Two friends recently gifted me with the means to do one of the things I love: lay down colors and simply follow the impulses generated by doing so. The first of these gifts were two sets of coloring designs, created by Richard Stocker with many more available online at:
The second gift was a set of 48 fine artists pens in a wild assortment of colors. I had been using a set of 8 of these pens to color the designs, and the gift was Christmas morning, my birthday, and all other such events rolled into one. I was a kid playing with joy and abandon. I had been saving this particular design because it was complex, but as I was doing others, I began to title them based on the thoughts and odd phrases that were circling through my mind while so engaged.
This is therapy, pure and simple. The hands are busy, the logic part of the brain is engaged in the doing, and the rest of the mind is totally free to explore, making connections and associations. I simply started out to see how many different colors I could use from the pen set. By the time I was finished, I realized that I had created an image of myself at the age I have been writing about on this blog: age four.
The whole of the design, with all of its colors, makes me think of a little girl in her grandmother’s finery of feathers and fur. And although I used well over half of the colors now gifted and available to me, it doesn’t look garish, or in any way discordant. It is all of a piece. That little girl is standing on one foot, the other raised beneath her hem, prepared to move in whichever direction she might choose. But the exposed foot seems to hold an anchor, a weight that holds her in place, keeping her from flying away. That would be my family at that point in time.
The head of the image is distorted, overly large like a wide brimmed hat. It reminds me of the terrific number of things that had been added to my burgeoning worldview after the accident, and the attempts I made to keep it all contained in some fashion. While the ‘feathers and fur’ are a definite symbol of the Wild Things that were being birthed inside of me, their scent now familiar, but strange, and inviting even more exploration. Tendrils of newly awakened senses reaching out to examine and define the new world I found myself inside of, physically, mentally, and emotionally.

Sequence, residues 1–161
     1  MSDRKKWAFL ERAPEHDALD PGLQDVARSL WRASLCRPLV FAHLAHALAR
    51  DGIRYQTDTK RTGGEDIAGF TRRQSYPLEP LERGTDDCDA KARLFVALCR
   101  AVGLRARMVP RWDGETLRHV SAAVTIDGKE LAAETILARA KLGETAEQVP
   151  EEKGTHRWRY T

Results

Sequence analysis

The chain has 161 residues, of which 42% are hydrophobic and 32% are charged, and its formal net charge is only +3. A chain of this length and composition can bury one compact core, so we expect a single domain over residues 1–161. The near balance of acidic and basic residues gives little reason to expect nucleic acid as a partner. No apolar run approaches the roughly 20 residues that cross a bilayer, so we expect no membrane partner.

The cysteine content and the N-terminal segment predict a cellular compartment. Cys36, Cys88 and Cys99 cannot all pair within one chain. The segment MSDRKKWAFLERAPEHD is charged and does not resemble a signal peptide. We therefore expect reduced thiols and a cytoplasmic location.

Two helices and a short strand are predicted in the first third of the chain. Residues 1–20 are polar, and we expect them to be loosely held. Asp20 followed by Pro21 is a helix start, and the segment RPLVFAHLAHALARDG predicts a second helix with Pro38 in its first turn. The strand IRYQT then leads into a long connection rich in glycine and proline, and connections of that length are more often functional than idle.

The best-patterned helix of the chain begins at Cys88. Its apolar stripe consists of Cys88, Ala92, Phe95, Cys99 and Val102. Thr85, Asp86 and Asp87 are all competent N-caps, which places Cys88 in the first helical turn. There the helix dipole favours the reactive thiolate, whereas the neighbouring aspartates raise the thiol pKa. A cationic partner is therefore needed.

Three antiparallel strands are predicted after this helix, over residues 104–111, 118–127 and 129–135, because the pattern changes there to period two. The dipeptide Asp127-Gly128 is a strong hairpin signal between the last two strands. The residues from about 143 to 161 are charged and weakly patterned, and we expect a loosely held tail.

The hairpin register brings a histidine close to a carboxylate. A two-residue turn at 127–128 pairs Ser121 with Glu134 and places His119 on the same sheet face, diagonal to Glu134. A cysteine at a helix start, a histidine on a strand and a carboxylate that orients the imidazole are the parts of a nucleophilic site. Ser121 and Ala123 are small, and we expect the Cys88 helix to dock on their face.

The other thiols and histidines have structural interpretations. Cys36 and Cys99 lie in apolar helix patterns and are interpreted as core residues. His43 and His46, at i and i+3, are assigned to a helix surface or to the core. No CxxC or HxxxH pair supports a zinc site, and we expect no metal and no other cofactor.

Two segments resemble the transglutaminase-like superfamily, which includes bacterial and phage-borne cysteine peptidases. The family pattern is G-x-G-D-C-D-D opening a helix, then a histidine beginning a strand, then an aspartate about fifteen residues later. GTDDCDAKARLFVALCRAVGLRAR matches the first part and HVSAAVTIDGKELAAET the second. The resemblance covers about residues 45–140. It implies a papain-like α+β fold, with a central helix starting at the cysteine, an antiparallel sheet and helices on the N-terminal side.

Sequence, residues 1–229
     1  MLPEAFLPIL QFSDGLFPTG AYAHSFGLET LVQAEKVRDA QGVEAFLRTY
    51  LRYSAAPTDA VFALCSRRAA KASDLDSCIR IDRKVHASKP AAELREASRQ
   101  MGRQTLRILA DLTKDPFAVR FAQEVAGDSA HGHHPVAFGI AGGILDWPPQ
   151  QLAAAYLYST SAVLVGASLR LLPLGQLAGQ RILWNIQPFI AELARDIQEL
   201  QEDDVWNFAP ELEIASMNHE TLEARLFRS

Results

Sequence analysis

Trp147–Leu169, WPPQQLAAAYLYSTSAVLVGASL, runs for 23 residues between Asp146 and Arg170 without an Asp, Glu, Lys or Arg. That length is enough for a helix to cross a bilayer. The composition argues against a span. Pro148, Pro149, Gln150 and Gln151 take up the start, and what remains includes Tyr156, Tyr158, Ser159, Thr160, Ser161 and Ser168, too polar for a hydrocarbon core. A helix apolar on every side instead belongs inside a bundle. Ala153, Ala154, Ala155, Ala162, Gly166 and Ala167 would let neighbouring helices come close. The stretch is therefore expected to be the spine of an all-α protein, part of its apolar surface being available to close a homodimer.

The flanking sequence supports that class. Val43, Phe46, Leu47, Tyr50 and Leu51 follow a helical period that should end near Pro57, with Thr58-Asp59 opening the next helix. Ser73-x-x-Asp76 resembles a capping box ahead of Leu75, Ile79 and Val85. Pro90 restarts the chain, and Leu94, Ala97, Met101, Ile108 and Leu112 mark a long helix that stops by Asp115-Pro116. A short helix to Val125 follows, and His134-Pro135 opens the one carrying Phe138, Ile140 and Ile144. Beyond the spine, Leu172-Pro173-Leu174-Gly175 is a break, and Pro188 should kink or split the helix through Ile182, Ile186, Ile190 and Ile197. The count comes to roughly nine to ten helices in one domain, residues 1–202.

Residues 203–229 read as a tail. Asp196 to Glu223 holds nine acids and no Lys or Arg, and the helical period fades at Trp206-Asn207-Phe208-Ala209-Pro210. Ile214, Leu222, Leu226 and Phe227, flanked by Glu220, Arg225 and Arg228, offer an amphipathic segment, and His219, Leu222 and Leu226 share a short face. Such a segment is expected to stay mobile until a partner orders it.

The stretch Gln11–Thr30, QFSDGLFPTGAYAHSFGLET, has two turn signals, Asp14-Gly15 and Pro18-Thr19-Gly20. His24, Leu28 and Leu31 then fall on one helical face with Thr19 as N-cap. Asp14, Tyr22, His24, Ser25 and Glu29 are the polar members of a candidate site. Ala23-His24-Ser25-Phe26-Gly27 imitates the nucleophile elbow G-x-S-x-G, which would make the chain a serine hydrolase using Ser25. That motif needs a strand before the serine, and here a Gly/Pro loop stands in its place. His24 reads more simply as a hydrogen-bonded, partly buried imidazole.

I titled the image, Dying-to-Live. I see it as representing the new Wild Things I had encountered outside of my family circle and how much they wanted to get outside to play, to simply be. It took years to allow that to actually happen, years filled with confusion, and numerous untold attempts to simply understand. But understanding has come, and with it resolution, and a peace within that is even more difficult to define. I love the image and what it says to me, about me, and the world I alone inhabit. A world I am more than willing to share with anyone who would lean in and listen.
Love your line, “I was a kid playing with joy and abandon.” Lately I have been trying to discover? rediscover? that child in me and also am playing around with art. Instead of focus on the outcome and the quality, I am trying to get out of my way and let the joy of the moment carry me away. I call this “Being Alice” after a very tiny girl I know (not quite three) who almost seems possessed when she is creating.
Rediscovering the child within can be a life-long process. I know, it feels like that has been a primary goal of mine forever, lol. What is most especially wonderful is the more you discover, the more there is to find and know. You’ve got my full support and I hope you stop back on occasion and let me know how it is going.
You might be interested in a site I found recently that welcomes all artists no matter age or ability and constantly challenges them to even more.
Thanks for stopping and leaving the comments,
My friend, this resonates deeply with me. I made much the same journey, have been weighted down with family, my spirit struggling to find something and someplace of its own and to rise……..loved this.